The Woodman And Mercury.

A poem by Jean de La Fontaine


To M. The Chevalier De Bouillon.[2]

Your taste has served my work to guide;
To gain its suffrage I have tried.
You'd have me shun a care too nice,
Or beauty at too dear a price,
Or too much effort, as a vice.
My taste with yours agrees:
Such effort cannot please;
And too much pains about the polish
Is apt the substance to abolish;
Not that it would be right or wise
The graces all to ostracize.
You love them much when delicate;
Nor is it left for me to hate.
As to the scope of Aesop's plan,[3]
I fail as little as I can.
If this my rhymed and measured speech
Availeth not to please or teach,
I own it not a fault of mine;
Some unknown reason I assign.
With little strength endued
For battles rough and rude,
Or with Herculean arm to smite,
I show to vice its foolish plight.
In this my talent wholly lies;
Not that it does at all suffice.
My fable sometimes brings to view
The face of vanity purblind
With that of restless envy join'd;
And life now turns upon these pivots two.
Such is the silly little frog
That aped the ox upon her bog.
A double image sometimes shows
How vice and folly do oppose
The ways of virtue and good sense;
As lambs with wolves so grim and gaunt,
The silly fly and frugal ant.
Thus swells my work - a comedy immense -
Its acts unnumber'd and diverse,
Its scene the boundless universe.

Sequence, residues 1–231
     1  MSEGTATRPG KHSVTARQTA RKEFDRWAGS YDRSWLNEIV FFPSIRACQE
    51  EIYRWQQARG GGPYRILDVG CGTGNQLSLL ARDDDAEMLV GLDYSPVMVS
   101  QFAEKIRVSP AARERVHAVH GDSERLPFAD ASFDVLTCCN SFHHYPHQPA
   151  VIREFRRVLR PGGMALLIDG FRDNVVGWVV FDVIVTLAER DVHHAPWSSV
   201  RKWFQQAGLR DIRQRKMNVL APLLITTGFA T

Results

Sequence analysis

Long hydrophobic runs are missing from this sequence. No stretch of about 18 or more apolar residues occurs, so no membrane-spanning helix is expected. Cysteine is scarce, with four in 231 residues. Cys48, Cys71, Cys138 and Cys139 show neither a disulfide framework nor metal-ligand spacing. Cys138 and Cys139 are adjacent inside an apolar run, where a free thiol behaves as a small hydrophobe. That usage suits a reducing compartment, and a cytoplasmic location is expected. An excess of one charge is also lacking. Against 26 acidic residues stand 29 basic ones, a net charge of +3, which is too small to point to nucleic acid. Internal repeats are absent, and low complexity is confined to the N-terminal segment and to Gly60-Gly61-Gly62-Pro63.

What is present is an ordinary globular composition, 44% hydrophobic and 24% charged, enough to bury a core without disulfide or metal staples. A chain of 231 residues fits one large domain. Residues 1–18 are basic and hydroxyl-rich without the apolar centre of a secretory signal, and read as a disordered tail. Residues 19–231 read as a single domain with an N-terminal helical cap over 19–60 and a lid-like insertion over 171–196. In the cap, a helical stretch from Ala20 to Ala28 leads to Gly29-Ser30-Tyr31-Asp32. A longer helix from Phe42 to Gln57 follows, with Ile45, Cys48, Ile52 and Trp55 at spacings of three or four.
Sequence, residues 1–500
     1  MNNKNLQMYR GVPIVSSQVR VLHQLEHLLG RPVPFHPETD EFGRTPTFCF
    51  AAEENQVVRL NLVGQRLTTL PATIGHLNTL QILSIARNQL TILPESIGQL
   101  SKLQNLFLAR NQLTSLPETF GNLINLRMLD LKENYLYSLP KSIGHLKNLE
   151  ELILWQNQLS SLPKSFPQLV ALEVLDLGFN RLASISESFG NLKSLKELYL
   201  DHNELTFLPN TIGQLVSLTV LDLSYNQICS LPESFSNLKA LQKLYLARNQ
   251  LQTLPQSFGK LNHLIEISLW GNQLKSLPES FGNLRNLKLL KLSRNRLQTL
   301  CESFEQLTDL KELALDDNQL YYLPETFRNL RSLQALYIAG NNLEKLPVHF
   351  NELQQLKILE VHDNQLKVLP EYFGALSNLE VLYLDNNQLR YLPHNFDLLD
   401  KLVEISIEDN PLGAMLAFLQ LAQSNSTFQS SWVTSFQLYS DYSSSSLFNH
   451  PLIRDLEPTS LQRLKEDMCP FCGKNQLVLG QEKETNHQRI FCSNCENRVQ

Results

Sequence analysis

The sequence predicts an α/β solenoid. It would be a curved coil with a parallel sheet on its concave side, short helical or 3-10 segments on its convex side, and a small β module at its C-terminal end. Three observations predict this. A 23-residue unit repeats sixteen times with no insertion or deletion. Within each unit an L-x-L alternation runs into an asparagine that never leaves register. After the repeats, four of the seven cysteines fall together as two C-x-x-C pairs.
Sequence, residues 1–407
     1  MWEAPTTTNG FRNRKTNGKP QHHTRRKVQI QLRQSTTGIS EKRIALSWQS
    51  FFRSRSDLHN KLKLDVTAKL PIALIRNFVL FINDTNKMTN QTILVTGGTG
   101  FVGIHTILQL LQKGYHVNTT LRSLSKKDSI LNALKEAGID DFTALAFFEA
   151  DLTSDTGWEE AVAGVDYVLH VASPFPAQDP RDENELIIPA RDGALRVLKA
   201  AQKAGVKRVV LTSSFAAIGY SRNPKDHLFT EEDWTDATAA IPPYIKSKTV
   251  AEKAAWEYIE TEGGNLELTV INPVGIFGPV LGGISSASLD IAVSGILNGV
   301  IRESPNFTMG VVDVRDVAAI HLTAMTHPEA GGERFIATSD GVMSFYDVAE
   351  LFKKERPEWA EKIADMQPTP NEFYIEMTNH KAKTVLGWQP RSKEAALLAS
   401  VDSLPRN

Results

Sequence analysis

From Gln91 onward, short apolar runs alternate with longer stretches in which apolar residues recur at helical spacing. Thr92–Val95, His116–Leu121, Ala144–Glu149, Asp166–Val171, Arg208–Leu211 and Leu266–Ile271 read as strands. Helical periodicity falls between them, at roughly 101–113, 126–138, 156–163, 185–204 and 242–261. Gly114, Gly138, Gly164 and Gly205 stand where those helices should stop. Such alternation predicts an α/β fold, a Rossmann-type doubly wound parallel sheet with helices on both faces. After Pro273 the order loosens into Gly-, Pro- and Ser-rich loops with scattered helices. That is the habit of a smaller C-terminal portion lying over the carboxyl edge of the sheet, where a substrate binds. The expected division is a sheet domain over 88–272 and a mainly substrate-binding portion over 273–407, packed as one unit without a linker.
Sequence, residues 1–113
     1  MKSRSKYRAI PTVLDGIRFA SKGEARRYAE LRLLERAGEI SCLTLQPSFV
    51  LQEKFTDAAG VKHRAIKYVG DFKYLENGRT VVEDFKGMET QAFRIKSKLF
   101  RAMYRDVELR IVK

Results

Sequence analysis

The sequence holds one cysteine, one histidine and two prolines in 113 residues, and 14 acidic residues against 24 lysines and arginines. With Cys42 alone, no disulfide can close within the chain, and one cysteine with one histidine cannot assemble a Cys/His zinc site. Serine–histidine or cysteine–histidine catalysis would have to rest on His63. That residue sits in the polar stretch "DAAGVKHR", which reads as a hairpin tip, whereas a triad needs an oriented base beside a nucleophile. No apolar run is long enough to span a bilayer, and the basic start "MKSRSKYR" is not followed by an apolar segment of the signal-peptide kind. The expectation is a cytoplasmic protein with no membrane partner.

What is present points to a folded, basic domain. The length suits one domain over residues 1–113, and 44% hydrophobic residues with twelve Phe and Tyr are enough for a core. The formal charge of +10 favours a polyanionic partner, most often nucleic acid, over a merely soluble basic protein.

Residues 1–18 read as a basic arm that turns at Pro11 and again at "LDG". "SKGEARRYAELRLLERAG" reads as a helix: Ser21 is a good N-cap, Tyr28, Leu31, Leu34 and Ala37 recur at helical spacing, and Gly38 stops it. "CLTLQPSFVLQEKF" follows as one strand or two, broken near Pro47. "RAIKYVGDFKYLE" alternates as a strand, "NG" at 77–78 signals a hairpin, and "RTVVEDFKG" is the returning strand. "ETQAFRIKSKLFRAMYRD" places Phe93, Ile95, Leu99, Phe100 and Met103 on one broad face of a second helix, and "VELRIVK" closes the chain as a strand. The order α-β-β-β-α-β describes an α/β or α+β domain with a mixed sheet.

Gods, men, and brutes, all play their part
In fields of nature or of art,
And Jupiter among the rest.
Here comes the god who's wont to bear
Jove's frequent errands to the fair,
With winged heels and haste;
But other work's in hand to-day.

A man that labour'd in the wood
Had lost his honest livelihood;
That is to say,
His axe was gone astray.
He had no tools to spare;
This wholly earn'd his fare.
Without a hope beside,
He sat him down and cried,
'Alas, my axe! where can it be?
O Jove! but send it back to me,
And it shall strike good blows for thee.'
His prayer in high Olympus heard,
Swift Mercury started at the word.
'Your axe must not be lost,' said he:
'Now, will you know it when you see?
An axe I found upon the road.'
With that an axe of gold he show'd.
'Is't this?' The woodman answer'd, 'Nay.'
An axe of silver, bright and gay,
Refused the honest woodman too.
At last the finder brought to view
An axe of iron, steel, and wood.
'That's mine,' he said, in joyful mood;
'With that I'll quite contented be.'
The god replied, 'I give the three,
As due reward of honesty.'
This luck when neighbouring choppers knew,
They lost their axes, not a few,
And sent their prayers to Jupiter
So fast, he knew not which to hear.
His winged son, however, sent
With gold and silver axes, went.
Each would have thought himself a fool
Not to have own'd the richest tool.
But Mercury promptly gave, instead
Of it, a blow upon the head.
With simple truth to be contented,
Is surest not to be repented;
But still there are who would
With evil trap the good, -
Whose cunning is but stupid,
For Jove is never dup├Ęd.

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